Just how much organic waste does Concordia collect? Since Waste Not, Want Notstarted in September 2016, more than 143 metric tonnes have been collected in the compost bins with orange lids. Fifty-seven metric tonnes of this total would have previously ended up in landfills.
Waste Not, Want Not is a collaboration between Concordia students, faculty, staff and the administration. It aims to establish a complete compost cycle at the university.
Here’s how you can help the university reduce its environmental impact. Want to get involved in sustainability? Looking for some tips on how to lighten your ecological footprint on campus? Concordia offers students, staff and faculty more ways to get involved in campus sustainability efforts than you’ll find time for.
Gov. Jerry Brown’s Global Climate Action Summit is coming to USF Sept. 11–14.
The summit will bring scientists and leaders from around the world to the campus and San Francisco to discuss how nations, states, businesses, and other groups can combat climate change. Co-organized by Brown, former New York Mayor Michael Bloomberg, and others, the summit aims to inspire worldwide resolve to take action.
The United Nations has promulgated 17 Sustainable Development Goals (SDG) that relate to many different aspects of sustainability. For example: Good Health and Well-being; Quality Education; Clean Water and Sanitation; Climate Action; Partnerships for the Goals.
This event will be a workshop for faculty to familiarize them with the goals and engage them in including the UN Sustainable Development Goals in their curriculum.
Join EcoPledge volunteers on Saturday, September 15th from 9:00-11:00 am as we head to Revere Beach in Massachussetts to work with members of 4 Oceans to clean up the coast. 4 Oceans is a US-based and sustainably focused jewlery company that is celebrating International Oceans Day with volunteers like you to keep pur coastal environments clean. If you’d like to volunteer, please contact Stevie Walker of EcopPledge at email@example.com.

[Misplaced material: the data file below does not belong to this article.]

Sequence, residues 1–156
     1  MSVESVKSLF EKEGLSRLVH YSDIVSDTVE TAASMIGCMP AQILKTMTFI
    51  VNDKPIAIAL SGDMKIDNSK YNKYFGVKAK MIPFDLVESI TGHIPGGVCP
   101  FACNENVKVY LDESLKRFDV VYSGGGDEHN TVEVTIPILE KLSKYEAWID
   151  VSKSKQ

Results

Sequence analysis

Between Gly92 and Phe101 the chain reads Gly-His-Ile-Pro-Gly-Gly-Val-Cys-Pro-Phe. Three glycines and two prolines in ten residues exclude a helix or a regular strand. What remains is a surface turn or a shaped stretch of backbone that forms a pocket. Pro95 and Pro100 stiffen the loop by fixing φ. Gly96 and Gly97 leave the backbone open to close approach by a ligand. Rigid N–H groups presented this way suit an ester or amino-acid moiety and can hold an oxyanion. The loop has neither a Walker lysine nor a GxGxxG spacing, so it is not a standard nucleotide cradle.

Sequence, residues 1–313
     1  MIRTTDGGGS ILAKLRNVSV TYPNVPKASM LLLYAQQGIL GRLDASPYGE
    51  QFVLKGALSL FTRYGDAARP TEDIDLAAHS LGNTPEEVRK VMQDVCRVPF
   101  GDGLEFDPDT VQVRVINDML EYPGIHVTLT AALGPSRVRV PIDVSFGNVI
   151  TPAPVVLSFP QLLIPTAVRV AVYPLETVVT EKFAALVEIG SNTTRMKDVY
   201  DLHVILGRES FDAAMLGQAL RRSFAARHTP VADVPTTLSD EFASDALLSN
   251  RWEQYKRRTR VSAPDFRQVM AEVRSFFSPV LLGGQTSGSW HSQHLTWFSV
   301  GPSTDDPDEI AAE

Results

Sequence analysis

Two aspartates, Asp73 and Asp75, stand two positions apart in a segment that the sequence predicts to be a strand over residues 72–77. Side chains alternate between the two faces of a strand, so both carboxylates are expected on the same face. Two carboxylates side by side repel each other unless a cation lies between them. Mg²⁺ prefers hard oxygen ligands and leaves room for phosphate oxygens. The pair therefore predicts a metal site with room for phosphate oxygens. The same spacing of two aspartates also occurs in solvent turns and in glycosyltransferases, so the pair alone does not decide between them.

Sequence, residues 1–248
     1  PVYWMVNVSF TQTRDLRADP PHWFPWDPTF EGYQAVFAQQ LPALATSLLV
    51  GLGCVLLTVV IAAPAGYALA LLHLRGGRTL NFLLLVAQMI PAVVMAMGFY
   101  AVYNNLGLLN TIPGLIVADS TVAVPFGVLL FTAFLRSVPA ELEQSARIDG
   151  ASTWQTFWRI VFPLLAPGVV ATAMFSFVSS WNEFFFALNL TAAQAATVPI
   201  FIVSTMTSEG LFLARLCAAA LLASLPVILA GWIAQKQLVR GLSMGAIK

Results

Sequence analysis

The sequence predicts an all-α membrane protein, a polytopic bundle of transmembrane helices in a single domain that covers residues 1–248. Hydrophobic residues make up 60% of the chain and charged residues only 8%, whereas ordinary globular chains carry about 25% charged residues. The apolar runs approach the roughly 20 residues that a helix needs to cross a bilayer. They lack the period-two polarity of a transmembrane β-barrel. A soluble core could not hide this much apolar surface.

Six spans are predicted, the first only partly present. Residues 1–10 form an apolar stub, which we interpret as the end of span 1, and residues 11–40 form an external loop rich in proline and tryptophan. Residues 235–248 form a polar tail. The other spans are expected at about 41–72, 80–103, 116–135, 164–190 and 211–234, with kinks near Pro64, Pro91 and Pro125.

Why is the Water Waste Management Project, as part of the new JCAM administrative building, in Kenya so important to you? Like many parts of Africa water is increasingly seen and valued as the precious resource it is. We say “water has no enemy.” In a city like Nairobi we used to receive water from the city on only two days a week. That taught us to be careful and to value water as a precious resource. Now, through the generosity of benefactors we are lucky enough to have our own borehole supply. But that is water which we do not simply want to use once and throw away for ever. So, our waste water can be treated and used again in flushing systems and in small irrigation projects which help us towards self-sufficiency. I lived for some time in London and there the joke was that the water which came from the taps had been used six or seven times over as it made its way down the length of the River Thames! In a small way we are doing the same thing here. In the end it’s about developing and modelling an attitude of care and protection for water and all the wonderful natural resources that God has gifted human beings and creation with.